Lastly, to give an idea of the actual movement, on the top right-hand corner and the bottom right-hand corner of this book you will find two typical throws demonstrated in ‘flicker’ fashion. The pictures begin at the end of the book; hold the pages in the left hand and riffle them down, watching the pictures. They are set out in this way so that you will be looking at a flat surface. These are cine film pictures and not all the details are clear, but they are put in to give an idea of two typical techniques as they appear when Kata is demonstrated. Once you have the idea of the rhythm of the movement, you can apply it to the other throws.
Study the text for details, and the pictures for the general “feel” of all the throws. The pictures are not poses but taken at full speed; the occasional loss of clarity is more than compensated by having pictures of what actually happens in real Kata performance.
I have divided the text so that each ‘role5 is presented in its own column; this makes it easier to learn and check the details.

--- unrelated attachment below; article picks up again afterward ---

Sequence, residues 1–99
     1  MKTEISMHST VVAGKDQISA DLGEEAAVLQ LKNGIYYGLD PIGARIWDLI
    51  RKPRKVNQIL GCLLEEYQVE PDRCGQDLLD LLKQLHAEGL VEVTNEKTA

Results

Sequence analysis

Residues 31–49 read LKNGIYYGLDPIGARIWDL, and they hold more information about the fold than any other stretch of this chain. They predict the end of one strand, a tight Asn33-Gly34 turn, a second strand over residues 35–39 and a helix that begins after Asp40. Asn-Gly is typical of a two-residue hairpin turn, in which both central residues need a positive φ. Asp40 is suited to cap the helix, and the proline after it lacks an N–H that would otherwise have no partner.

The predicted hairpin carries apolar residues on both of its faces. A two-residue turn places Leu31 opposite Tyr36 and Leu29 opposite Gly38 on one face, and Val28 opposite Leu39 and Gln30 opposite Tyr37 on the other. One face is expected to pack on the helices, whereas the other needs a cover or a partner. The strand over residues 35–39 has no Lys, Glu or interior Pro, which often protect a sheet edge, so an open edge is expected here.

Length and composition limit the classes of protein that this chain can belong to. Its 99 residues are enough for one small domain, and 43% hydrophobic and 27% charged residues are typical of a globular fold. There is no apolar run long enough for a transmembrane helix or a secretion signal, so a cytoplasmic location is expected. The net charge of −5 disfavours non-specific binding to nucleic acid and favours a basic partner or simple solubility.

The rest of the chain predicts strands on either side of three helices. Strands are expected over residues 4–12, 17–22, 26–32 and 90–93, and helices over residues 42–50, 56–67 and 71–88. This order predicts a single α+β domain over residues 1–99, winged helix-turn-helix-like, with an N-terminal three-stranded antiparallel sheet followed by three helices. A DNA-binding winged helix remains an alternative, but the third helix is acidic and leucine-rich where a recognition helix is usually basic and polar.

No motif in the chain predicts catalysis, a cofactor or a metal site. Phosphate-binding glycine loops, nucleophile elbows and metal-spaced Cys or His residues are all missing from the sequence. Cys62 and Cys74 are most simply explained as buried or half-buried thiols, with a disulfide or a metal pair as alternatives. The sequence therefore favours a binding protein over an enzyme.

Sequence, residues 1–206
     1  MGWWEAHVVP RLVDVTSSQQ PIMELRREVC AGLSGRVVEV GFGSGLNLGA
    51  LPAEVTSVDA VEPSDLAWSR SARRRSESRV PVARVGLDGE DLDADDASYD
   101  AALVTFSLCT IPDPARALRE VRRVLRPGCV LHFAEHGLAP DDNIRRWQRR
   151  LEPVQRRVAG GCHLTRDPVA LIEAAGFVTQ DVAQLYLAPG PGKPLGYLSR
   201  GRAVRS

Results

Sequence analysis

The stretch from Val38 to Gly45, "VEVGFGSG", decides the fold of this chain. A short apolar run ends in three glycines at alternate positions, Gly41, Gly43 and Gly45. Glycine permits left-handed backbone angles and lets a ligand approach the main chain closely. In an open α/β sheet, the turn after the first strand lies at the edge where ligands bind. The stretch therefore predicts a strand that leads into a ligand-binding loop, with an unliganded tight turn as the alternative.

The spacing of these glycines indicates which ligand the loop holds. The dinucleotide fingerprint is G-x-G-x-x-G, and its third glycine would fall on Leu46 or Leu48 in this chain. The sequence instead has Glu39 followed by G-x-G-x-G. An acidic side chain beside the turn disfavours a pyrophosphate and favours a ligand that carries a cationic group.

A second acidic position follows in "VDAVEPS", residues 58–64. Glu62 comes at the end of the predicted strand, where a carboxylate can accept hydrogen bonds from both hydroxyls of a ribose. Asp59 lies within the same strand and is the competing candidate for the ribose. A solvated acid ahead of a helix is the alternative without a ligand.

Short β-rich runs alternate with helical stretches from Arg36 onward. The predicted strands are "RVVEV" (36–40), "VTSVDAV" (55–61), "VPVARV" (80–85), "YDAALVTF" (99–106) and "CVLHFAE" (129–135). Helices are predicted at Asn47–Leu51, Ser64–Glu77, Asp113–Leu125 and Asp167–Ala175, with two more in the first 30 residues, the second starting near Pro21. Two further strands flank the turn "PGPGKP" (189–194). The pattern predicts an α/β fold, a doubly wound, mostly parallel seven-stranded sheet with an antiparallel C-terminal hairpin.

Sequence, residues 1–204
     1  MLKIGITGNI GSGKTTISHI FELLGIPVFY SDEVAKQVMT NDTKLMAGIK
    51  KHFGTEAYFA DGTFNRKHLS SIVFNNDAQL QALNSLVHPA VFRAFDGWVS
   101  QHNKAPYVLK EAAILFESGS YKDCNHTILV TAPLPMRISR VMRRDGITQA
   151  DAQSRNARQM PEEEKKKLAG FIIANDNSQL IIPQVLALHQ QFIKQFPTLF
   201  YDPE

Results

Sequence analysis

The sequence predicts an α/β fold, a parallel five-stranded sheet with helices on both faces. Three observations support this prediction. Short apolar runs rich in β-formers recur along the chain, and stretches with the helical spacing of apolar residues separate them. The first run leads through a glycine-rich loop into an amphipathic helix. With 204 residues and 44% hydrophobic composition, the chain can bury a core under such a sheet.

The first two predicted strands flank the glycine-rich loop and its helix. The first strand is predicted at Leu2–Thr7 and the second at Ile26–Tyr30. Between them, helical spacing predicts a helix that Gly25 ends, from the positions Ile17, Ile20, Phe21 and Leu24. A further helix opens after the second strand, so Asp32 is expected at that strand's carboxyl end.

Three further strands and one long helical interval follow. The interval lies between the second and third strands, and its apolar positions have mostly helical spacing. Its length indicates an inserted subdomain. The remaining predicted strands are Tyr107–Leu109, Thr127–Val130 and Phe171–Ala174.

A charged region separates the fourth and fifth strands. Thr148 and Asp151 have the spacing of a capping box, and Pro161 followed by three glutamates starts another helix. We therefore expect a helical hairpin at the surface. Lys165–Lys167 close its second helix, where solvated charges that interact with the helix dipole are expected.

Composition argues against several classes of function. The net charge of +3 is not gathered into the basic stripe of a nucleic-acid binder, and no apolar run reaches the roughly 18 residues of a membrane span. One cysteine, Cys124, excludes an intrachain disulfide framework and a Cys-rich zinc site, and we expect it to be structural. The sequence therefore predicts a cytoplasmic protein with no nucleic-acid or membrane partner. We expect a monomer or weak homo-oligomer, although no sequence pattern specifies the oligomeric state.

Before the Meiji Restoration (1868), much of the training in Jujutsu schools was by means of Kata. However certain of the main schools, especially Yoshin-ryu but also Kito-ryu, Tenshin-shinyo-ryu and others had begun to emphasize Randori as well, though not a few still concentrated on Kata alone. Some of the Katas were very long; in the Tenshin-shinyo-ryu there were some 120 techniques.
Dr. Kano in his Kodokan Judo laid the stress on Randori, with Kata as an auxiliary, but this does not mean the latter is ignored in his system. His programme was to teach Randori first, giving instruction as appropriate, introducing the pupils naturally to the principles behind the various waza. After some progress had been made, the Kata training was begun. Dr. Kano compared his training method to learning a foreign language: grammar is at the beginning just taught as points come up in conversation or writing, and only later studied formally. (It may be added that Dr. Kano had a good mastery of English; he was also a leading figure in Japanese education, whose level was and is very high indeed. So he had deep knowledge and wide experience of problems of teaching both in and outside the Judo movement.)